Jump to content

enforced earlier start time


Recommended Posts

  • Replies 37
  • Created
  • Last Reply

Top Posters In This Topic

Top Posters In This Topic

Popular Posts

Is it so difficult or discomforting to come in at 7am? Couldn't you use that time productively? Thai contracts outside of monthly salary are utterly unenforceable. If you continue coming in late and t

He has to be at work earlier, maybe he doesn't have time to post!!  

Are you an English teacher?

On 11/22/2019 at 7:53 AM, Colabamumbai said:

They can do whatever you let them. Post again after 10 years teaching. 

   I'd rather like to come in at 7 am than wearing a boy scouts uniform.

 

      You are so damn right. They can do whatever you let them do to you.

 

   

Link to post
Share on other sites

Taking a stand is often a luxury (i.e. can you afford to be fired right now, and can you afford the possible lost opportunities of a negative reference?).

 

That said, I'd be tempted to fight this if the circumstances are as you described them (you have set, contracted hours) and there is no clear contract provision for unilaterally amending your work conditions. Despite what the negative folks here have said, you seem to have a clear contract. The fact that some other employees have been late is beyond your control and you are under no obligation to alter your routine (let alone work longer hours for no additional pay) simply because the director is grouchy. I would consider showing up at the contractually obligated time and saying nothing. Continue to do your job as a professional. If confronted, it's up to you how you handle it; some combination of deflection "oh, I misunderstood...thought that applied to people who were late" and passive-aggressive befuddlement ("wait, you want to apply that to me? Oh...well, I'm pretty sure my contract sets my hours. I'm not sure how we'll address that") seems appropriate.

 

By the way, the hostility from the negative crowd here is a bit silly. How a person's daily routine flows is really up to them. Even if it was just a shift in total hours (e.g., starting 45 min. earlier and ending 45 min. earlier), I'd object to such a change, especially without my consent. But being "asked" to work a longer day is always cause for alarm--and under these circumstances it's borderline tyrannical.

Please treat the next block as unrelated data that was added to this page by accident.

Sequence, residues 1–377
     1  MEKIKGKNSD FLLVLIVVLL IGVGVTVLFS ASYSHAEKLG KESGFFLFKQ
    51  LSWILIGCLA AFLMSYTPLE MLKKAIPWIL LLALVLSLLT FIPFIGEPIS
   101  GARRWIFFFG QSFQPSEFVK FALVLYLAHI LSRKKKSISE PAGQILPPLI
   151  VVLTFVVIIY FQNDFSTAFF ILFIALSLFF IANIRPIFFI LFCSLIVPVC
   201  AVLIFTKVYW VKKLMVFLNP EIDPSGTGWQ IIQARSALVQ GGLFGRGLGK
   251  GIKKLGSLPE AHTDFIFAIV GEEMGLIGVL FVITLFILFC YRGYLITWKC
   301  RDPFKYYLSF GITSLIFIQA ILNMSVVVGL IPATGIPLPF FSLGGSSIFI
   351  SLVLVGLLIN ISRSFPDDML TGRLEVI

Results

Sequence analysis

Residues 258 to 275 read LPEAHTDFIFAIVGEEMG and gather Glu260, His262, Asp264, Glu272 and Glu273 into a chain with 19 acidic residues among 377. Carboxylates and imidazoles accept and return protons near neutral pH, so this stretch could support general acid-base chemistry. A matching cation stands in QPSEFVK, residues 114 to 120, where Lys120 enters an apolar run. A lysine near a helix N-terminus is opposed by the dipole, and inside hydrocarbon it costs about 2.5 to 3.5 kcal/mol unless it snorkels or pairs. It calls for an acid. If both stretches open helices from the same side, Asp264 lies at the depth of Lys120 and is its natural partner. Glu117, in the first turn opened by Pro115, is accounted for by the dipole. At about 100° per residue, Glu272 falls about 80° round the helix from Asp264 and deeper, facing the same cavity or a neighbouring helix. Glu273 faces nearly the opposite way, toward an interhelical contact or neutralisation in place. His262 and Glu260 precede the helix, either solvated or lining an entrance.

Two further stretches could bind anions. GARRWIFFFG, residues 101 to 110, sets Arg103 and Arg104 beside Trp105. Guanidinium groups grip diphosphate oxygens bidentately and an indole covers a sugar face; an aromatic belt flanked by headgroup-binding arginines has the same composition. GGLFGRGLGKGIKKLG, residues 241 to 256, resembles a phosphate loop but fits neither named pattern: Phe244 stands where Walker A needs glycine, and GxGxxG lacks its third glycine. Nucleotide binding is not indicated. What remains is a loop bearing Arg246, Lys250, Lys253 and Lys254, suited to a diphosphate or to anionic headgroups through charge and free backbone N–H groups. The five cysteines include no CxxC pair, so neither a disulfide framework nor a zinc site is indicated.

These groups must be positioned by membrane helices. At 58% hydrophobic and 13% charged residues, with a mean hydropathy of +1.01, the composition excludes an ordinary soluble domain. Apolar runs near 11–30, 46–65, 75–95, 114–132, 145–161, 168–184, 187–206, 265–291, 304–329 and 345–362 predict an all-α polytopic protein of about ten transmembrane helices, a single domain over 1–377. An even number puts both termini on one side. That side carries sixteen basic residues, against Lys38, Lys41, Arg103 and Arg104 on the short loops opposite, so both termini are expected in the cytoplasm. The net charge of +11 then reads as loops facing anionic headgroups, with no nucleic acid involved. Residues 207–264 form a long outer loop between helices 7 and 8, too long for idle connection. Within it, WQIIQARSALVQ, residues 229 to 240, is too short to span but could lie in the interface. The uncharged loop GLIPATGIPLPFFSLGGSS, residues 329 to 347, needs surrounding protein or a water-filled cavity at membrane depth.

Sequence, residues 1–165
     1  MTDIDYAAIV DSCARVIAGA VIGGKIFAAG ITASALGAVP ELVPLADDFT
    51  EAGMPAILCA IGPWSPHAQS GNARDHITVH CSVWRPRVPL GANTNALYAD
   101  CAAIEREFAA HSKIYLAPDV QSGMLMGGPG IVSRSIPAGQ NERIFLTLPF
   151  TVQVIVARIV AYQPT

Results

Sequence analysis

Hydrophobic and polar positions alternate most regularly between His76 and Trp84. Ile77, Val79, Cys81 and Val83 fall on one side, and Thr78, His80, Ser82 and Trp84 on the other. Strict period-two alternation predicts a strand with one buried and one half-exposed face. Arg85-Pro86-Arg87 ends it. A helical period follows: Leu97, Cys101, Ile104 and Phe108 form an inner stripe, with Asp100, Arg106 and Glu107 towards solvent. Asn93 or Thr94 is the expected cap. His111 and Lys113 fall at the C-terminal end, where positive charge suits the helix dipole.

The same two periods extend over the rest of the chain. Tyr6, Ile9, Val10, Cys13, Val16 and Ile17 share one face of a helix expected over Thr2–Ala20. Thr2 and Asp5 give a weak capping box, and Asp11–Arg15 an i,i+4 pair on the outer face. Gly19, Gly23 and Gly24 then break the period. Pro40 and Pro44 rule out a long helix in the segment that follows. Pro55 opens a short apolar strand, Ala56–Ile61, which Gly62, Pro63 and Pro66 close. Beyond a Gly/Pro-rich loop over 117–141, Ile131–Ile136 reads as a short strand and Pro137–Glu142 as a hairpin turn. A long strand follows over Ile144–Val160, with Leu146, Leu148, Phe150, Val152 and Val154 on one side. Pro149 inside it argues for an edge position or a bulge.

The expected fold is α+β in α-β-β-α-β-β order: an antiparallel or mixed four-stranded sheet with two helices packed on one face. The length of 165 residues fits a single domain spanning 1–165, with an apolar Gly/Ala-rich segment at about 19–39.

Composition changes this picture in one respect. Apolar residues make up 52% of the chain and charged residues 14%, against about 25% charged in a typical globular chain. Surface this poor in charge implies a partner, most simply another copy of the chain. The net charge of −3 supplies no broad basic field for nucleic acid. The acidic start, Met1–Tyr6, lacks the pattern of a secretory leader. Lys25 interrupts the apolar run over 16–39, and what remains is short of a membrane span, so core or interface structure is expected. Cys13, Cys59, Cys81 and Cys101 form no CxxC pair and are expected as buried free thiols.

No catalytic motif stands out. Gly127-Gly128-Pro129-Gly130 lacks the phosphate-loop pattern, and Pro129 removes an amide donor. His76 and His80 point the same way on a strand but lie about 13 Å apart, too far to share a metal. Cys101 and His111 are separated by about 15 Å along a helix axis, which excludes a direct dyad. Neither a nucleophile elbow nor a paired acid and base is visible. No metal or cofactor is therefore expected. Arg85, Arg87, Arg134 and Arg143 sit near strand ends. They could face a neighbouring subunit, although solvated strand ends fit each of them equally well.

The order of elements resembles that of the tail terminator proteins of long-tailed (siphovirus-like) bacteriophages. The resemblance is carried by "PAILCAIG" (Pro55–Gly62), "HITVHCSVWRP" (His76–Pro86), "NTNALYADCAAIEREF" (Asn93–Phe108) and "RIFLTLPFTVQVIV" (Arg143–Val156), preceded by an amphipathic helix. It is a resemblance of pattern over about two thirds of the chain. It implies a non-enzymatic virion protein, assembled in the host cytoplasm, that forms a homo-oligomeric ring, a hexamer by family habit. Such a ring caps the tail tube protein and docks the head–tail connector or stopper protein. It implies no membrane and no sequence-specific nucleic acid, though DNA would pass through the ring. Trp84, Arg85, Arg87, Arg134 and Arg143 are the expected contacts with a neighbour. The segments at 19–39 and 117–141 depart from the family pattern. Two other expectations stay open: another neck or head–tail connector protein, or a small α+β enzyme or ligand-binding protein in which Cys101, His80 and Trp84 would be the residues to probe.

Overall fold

Bear in mind, also, that these kind of hours are excessive by western standards. A 7:45 start time is a tad early, but most U.S. schools that start that early (e.g., to enable a district-wide bus system that has to get kids to all levels of schools) are also going to let out 7 hours later. A 7:45 start time usually means a 2:45 release time. 3:00 is still within the realm of average. 3:30 and you're pushing it to "why am I coming in so early?" territory. 7:45-4:30 is excessive--but I know it's not crazy by Thai international school standards (although in that case there's usually a lengthy "activities" buffer in there that most teachers have "off," although they're expected to stay until the end). 7:00-4:30 is just laughable. That's a 9.5-hour day in a 7- or 7.5-hour industry.

Edited by scottiddled
Link to post
Share on other sites
  • 2 weeks later...

Agree with the posts. Typical Thai crackdown, 1-2 weeks then it's back to business as usual. Or even less, at my school they once told us to stay until 4:30 pm, then in two days before people were leaving right before 4 again. Also, I can confirm that coming in, leaving stuff on your desk, then taking off to do whatever, is a winning strategy for both farangs and Thais.

Link to post
Share on other sites